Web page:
The Brotherhood said they were killed when police fired tear gas into a locked police van, and also fired at them through the windows.
The arrests of Islamists came on the heels of security forces' bloody crackdown on two protest camps full of Morsi supporters Aug. 14. In a statement yesterday, Human Rights Watch called the police operation “the most serious incident of mass unlawful killings in modern Egyptian history.”
According to the rights organization, at least 377 people died during the dispersal of just the larger camp surrounding Rabaa Al Adawiya mosque. Roughly 1,000 people have died since last week, as protesters clashed with police and other civilians. Attacks on police stations and churches have also occurred across the country.
Karim Ennarah, a researcher on policing and criminal justice at the Egyptian Initiative for Personal Rights, points out that police brutality and excessive use of force continued after Mubarak's ouster, including under the first military government and under Morsi, though he notes the levels have increased “massively” in the past week.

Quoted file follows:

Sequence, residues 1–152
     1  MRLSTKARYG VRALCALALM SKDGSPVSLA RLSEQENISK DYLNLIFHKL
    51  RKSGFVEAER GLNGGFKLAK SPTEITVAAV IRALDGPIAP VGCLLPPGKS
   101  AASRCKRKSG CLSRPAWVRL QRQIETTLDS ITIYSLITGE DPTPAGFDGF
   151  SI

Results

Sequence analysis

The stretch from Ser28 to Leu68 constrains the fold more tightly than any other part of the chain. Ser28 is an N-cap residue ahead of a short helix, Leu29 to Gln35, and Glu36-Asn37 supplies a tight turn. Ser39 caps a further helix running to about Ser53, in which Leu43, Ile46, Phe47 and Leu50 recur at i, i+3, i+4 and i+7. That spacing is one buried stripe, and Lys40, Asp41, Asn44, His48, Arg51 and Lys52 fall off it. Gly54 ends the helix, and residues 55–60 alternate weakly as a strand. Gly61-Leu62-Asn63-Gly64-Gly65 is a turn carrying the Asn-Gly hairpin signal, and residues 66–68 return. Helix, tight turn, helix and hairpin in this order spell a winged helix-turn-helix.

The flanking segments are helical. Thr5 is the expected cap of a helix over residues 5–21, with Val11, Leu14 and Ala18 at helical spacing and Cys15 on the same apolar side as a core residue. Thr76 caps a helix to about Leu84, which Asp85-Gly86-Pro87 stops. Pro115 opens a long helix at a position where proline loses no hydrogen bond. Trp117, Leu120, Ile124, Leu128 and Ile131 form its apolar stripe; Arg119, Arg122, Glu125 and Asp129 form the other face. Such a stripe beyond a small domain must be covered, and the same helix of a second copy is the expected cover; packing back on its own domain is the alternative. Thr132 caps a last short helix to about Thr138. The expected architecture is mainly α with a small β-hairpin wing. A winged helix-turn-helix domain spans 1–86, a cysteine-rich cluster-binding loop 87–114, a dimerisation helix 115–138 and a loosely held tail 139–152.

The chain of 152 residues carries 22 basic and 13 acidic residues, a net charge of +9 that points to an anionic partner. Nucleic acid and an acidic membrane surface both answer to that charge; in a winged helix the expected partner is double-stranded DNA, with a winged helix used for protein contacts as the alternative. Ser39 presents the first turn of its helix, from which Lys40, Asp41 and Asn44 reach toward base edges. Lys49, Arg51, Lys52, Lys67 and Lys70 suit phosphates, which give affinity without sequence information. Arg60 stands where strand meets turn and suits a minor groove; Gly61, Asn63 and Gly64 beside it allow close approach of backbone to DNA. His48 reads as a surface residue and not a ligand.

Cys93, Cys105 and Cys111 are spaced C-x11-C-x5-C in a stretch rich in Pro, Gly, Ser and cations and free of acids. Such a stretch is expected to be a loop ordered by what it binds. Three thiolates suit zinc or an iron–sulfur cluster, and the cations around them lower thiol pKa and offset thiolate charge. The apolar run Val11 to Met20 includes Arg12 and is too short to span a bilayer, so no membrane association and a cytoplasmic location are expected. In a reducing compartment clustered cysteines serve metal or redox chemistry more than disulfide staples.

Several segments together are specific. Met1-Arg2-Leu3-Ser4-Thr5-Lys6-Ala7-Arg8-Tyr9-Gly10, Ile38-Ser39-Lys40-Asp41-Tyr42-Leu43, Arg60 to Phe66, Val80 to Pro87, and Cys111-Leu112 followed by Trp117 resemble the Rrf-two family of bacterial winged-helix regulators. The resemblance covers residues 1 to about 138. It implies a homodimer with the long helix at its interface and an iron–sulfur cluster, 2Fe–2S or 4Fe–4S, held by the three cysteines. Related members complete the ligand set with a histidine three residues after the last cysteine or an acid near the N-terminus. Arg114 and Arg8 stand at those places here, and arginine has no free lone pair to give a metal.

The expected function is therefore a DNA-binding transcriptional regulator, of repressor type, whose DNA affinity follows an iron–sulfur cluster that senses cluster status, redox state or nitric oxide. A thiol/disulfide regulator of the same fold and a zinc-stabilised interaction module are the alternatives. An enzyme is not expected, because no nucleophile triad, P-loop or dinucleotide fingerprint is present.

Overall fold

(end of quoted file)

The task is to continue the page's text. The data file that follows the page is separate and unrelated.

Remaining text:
But while police often responded with lethal violence to challenges in recent years, “the ability to control the political space is what they lost” after the 2011 uprising. “And given the current context, which is becoming more of a civil conflict … I am concerned about the return of the police state in the sense of their ability to control and close down political space,” he says. “There is a threat of the police, because of the context of civil conflict, 'terrorism,' of police being able or trying to return to the complete control of political space.”
The mass arrests, happening on a far greater scale than occurred over the past several years, are a symptom of that, he says.
One of the most worrying signs is the apparent public support for the crackdown. Television stations and newspapers repeat the government rhetoric of a “war on terrorism” and support arrests and police use of violence, and Egyptians are following suit. In the wake of deadly fighting between pro-Morsi protesters and pro-military civilians as well as police last Friday, citizen security forces sprang up in neighborhoods. Armed with clubs and sometimes knives and guns, they stopped cars and passersby at checkpoints, much as they did during the January 2011 protests.